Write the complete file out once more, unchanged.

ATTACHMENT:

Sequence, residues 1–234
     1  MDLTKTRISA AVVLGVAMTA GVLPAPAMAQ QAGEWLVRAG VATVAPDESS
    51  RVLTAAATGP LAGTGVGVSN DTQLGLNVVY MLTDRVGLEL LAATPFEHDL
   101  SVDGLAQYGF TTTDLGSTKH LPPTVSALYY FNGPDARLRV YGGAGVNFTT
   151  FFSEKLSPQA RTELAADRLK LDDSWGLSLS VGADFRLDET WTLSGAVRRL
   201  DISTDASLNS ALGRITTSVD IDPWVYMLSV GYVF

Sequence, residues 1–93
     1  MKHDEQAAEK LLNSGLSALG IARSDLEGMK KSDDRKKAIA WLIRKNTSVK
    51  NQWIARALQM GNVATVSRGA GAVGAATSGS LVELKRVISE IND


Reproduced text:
Sequence, residues 1–234
     1  MDLTKTRISA AVVLGVAMTA GVLPAPAMAQ QAGEWLVRAG VATVAPDESS
    51  RVLTAAATGP LAGTGVGVSN DTQLGLNVVY MLTDRVGLEL LAATPFEHDL
   101  SVDGLAQYGF TTTDLGSTKH LPPTVSALYY FNGPDARLRV YGGAGVNFTT
   151  FFSEKLSPQA RTELAADRLK LDDSWGLSLS VGADFRLDET WTLSGAVRRL
   201  DISTDASLNS ALGRITTSVD IDPWVYMLSV GYVF

Sequence, residues 1–93
     1  MKHDEQAAEK LLNSGLSALG IARSDLEGMK KSDDRKKAIA WLIRKNTSVK
    51  NQWIARALQM GNVATVSRGA GAVGAATSGS LVELKRVISE IND